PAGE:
Affixed to the chairs are planks and poles. Attached to the planks are a few flowerpots, and out of those and numerous other openings sprout long-stemmed tulips in splendidly incongruous black and white. There’s a tenuousness to the whole assembly, a sense of momentary equilibrium. A bowl balanced on a stick brings to mind the spinning plates of circus performers. Putting that prop next to what looks like a fragmented easel, Redwood links one kind of stage magic to another, the painter’s. He too is an entertainer, skilled at lavish gestures, a manufacturer of wonder, adept at ensnaring the eye and tickling the mind.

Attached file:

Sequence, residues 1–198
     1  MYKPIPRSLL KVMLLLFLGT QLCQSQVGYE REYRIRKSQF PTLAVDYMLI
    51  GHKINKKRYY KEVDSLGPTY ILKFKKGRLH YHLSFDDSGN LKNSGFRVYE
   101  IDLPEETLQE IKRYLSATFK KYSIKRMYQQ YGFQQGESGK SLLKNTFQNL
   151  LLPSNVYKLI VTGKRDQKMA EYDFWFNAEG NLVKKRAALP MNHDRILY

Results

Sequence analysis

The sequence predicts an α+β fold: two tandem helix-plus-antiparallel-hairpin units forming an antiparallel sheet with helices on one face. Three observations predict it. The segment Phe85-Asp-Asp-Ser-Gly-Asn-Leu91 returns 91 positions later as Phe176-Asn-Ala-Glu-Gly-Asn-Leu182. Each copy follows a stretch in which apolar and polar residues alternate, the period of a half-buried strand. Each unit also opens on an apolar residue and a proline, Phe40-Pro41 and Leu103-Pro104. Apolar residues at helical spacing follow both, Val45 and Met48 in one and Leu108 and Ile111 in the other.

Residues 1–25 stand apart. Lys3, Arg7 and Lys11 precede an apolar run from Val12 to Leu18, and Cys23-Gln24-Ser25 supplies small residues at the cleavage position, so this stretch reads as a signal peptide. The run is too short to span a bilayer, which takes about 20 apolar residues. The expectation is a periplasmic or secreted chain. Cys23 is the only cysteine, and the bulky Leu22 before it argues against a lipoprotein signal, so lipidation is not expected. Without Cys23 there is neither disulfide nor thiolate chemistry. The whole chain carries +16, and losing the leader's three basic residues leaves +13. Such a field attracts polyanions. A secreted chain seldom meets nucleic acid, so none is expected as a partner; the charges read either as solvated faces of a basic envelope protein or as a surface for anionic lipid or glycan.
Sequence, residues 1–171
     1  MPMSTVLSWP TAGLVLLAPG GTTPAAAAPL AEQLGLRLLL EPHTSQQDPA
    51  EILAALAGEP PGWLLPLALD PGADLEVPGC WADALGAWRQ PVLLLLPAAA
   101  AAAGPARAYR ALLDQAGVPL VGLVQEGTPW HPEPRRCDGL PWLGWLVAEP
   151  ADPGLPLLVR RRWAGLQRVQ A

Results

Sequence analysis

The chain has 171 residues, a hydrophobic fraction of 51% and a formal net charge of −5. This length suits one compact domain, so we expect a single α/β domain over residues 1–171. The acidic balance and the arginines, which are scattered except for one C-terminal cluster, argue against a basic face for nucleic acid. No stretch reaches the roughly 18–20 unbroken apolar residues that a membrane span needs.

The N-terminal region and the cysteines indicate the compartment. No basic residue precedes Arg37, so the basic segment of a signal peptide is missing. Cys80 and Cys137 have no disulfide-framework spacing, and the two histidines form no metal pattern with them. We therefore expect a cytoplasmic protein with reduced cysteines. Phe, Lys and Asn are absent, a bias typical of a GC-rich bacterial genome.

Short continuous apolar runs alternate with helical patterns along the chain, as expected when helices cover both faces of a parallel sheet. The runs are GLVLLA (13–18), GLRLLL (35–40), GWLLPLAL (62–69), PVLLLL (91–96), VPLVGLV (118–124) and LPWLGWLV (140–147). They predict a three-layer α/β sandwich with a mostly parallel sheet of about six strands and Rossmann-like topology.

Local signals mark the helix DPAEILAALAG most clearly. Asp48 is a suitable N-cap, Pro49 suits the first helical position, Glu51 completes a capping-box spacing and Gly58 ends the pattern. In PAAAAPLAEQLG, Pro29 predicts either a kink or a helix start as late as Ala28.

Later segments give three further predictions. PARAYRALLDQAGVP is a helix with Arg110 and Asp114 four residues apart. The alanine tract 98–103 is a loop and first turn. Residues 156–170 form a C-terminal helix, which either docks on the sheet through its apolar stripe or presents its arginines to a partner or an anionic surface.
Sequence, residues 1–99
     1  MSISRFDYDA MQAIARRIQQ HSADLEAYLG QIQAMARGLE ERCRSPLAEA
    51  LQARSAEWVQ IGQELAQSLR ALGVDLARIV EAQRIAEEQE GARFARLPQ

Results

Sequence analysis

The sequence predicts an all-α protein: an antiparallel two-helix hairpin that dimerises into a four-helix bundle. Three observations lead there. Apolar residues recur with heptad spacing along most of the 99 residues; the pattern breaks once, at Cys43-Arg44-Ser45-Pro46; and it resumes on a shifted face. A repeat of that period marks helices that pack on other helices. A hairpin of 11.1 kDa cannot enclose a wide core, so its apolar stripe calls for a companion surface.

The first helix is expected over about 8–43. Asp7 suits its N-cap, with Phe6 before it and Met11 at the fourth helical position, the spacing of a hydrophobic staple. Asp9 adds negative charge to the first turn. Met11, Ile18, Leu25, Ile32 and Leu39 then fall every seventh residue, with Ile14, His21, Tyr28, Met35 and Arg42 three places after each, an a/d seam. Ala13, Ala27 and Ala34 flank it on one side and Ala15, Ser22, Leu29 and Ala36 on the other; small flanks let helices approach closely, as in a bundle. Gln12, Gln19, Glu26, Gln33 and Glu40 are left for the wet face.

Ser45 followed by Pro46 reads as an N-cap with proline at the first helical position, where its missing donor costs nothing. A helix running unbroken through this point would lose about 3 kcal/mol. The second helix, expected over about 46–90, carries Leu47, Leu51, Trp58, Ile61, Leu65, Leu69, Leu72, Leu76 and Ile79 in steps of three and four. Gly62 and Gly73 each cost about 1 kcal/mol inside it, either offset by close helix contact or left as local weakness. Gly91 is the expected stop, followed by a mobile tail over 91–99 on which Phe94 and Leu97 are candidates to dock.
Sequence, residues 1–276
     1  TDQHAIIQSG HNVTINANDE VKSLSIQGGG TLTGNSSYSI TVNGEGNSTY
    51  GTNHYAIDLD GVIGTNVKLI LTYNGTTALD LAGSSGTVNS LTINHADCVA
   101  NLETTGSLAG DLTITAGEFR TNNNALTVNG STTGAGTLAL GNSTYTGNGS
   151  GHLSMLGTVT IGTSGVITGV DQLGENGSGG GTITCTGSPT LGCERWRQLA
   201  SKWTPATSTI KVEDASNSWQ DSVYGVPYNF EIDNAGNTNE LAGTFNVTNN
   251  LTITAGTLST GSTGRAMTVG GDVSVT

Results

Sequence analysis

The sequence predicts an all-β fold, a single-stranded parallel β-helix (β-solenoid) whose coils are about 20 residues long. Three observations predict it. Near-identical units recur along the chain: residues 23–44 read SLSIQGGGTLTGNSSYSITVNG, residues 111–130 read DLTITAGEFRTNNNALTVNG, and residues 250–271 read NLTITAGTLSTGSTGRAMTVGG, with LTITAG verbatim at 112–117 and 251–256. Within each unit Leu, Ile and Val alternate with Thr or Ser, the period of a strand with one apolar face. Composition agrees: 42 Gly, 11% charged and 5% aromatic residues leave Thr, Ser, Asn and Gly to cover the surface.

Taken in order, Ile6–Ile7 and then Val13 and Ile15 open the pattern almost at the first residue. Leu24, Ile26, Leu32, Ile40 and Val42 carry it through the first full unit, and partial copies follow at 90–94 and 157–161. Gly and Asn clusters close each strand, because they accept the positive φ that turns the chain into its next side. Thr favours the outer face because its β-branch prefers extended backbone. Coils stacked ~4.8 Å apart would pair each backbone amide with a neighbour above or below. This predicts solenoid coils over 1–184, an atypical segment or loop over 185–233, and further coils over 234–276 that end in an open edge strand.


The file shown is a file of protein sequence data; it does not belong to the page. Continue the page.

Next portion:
Redwood’s work has huge surface appeal: He paints in a palette of metal, wood, dirt and water, erosion, poison and rust, the acrylic pigment thinned but the colors intense. His brush strokes feel dimensional in themselves, contrived parodies, perhaps, of a straight-from-the-tube rawness. Their colossal snaky lines wind across the canvas and double back like the labyrinthine path of intestines.